Tuesday, July 13, 2021

Elementals - The Series aka On Wings Of Immortals




Warning: The series contains sexual and historical elements that might offend the average reader. 



Book One: AYEKAH THE DAMNEDat the beginning, the Almighties, two-in-one, male and female, entrust Celestials as witnesses of earth's evolution and human creation but directs them not to intervene. However, after the Almighties grant humans an eternal soul, Celestials become jealous, so they grant them special powers and name one Archangel of Light, highest of all Celestials.

For ages, one thing leads to another, as the Celestial and Archangel get more involved in the life of humans until decades later the Archangel ends up falling for a virgin, and its name becomes Ayekah, he names her Haya. Some other Celestials also go astray, and everything changes.

Book Two: VIRGINS starts in modern times when Haya’s descendants continue to procreate even after Haya's death. 

From every twin birth, only one births female twins; the barren is the watcher. Generations later, the last two, Ray and Ary, guided by the Pastoras, a divine entity, begin the mutation of a new species. 

Book Three: ROLO is named after the Salamander that Ray, a scientist, finds in the jungle while doing cloning research. 

Meantime Ary, a parapsychologist plagued by nightmares, seeks help from Alex, Ray's lover, to help save her. The tale unfolds amid love, romance, and powerful forces of good and evil that battle for control over a new species of humans. 


Book Four: MACULATUM- starts after great floods wipe out almost everything leaving earth virtually uninhabitable. Hell takes over as the battle between greed and magical powers intensifies, and humankind almost becomes extinct. 

To save a semblance of the human species, scientists use Salamander/human clones developed by Ray.




Ayekah: In Genesis 3:9. After Adam and Eve ate from the forbidden tree, God asked Adam, “ayekah,” a Hebrew word that means “Where are you?” In the Torah, also referred to as “watcher” and “holy one.”   

In Maya mythology, Ayekah is akin to Itzamna, a god and creator thought to live in the sky. 

Haya: in Hebrew, mythology means “life.” In Genesis 3:9. Holy writs say angels “fell” after becoming “enamored” of human women. 

Haya is akin to Samael’s counterpart, Lilith. She seduces angels and can mean; “to live” or “have life,” or “to give” or “restore life” (Genesis 25:6, Joshua 3:10), “lively” (2 Samuel 23:20), and “reviving” (Genesis 18:10, 2 Kings 4:16). As in Nashiym, the Lilim, who seduced the watchers.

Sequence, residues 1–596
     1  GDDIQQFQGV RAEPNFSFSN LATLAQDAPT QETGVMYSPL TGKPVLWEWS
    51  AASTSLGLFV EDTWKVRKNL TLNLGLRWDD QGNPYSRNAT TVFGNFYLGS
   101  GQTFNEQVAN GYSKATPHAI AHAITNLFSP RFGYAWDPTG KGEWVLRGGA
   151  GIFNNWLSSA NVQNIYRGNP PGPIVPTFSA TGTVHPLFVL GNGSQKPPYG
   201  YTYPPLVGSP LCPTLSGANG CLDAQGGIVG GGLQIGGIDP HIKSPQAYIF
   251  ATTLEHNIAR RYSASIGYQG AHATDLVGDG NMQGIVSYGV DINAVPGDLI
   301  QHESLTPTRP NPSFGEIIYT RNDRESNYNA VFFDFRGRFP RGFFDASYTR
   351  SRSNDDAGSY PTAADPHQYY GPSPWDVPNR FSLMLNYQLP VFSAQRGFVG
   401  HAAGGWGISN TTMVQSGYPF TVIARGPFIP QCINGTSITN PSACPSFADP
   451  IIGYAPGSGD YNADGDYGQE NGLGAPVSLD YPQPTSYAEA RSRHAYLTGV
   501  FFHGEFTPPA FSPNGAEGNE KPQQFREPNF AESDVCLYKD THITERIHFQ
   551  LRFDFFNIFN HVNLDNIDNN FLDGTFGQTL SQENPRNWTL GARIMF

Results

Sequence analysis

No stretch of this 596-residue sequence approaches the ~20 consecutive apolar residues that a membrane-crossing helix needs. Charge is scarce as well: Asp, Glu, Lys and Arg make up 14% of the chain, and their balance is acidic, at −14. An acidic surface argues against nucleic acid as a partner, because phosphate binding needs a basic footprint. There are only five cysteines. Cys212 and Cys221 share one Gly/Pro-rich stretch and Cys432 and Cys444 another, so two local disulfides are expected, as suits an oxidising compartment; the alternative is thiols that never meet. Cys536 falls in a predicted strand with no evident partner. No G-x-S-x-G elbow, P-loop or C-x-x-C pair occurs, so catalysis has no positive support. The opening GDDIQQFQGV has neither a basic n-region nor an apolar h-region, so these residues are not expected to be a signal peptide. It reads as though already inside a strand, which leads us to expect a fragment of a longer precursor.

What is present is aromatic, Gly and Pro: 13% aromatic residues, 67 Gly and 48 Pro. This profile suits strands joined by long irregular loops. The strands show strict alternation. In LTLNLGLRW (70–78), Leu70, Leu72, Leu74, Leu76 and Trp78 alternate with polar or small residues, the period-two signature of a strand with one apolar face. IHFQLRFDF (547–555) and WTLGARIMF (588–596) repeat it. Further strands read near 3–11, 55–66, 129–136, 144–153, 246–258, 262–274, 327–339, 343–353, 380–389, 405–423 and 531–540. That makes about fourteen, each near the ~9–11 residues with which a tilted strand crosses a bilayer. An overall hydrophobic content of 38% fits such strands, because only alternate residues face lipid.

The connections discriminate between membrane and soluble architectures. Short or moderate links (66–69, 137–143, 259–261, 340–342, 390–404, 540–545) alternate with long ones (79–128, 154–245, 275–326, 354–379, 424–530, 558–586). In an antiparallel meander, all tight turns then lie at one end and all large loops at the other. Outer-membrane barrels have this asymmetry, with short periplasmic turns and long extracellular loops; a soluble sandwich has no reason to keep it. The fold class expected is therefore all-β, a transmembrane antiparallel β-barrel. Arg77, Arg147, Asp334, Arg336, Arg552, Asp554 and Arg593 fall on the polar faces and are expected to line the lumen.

In Maya mythology, Haya is akin to Ix Chel, the divine goddess believed to have helped create the world. Her powers include healing, intuitive knowledge, the ability to control earthly forces, and the sex of a fetus. 



Plato said that myths are memories and history. As per ancient Greeks, the word Mythology is two parts, Ethos and Logo. Ethos develops from history, religion, nature, language, art, symbolisms, order, and chaos. Logo is the investigation of science and elements that makes us who we are. 

Myths about beings without a soul evolved the belief in spirits, one from each element: Mermaids from water, Sylphs from the air, Gnomes from the Earth, Salamanders from spirits. Since ancient times, scientists have spoken about humans as having an elemental spirit they now call “natural tectonics,” or forces cracking the planet’s crust with earthquakes and volcanoes. 

In the “Paracelsian concept,” Elementals are supernatural “humanoid beings” that live longer than humans and are not immortal, but when a mortal weds an immortal, the humanoid spirit becomes immortal. 

In The Old Testament, Elementals are also known as Nephilim or “giants” or “the fallen ones” from the Hebrew word naphal or “to fall.” 

The ancient Mayans left evidence of their contact with miraculous visitors or elemental beings. 


Holiness Defiled

One night when alone, I dozed, rosary in hand, though I was dreaming until roused by the rustle of sheers that lapped between drape folds mimicking tongues out of a dark gaping mouth.

The clock on the bedside chest read midnight, its red-light brightly pulsating as if from a beam that I traced from floor to wall where he hid in shadows. I thought he was my deceased beloved, but the face was unfamiliar, the grin unfriendly. The cat, lazing on top of the bedspread by my feet, hissed, jumped, and ran out the bedroom door. No one heard my scream or my heart pounding into my head.

“Evil begone,” I shouted when his voice soft as the breeze thundered into my mind: “I am not a vision, spirit, or magic, fear me not, let me confess how I came to be and what I do.”

Every night I was alone, he came. My only choice became to face him and listen or go insane. He told me stories of a new world unfolding not from Sanctity but from the pews of religion and technology. He said, “God, man, one of the same. Names and places changed to protect innocents even though there are none.”

He displayed carriages of flesh weaving sins into blessings as people rode to destruction on good intentions and holiness defile in time and blood. “There are no mistakes, the day is one sphere, and the night is another.”

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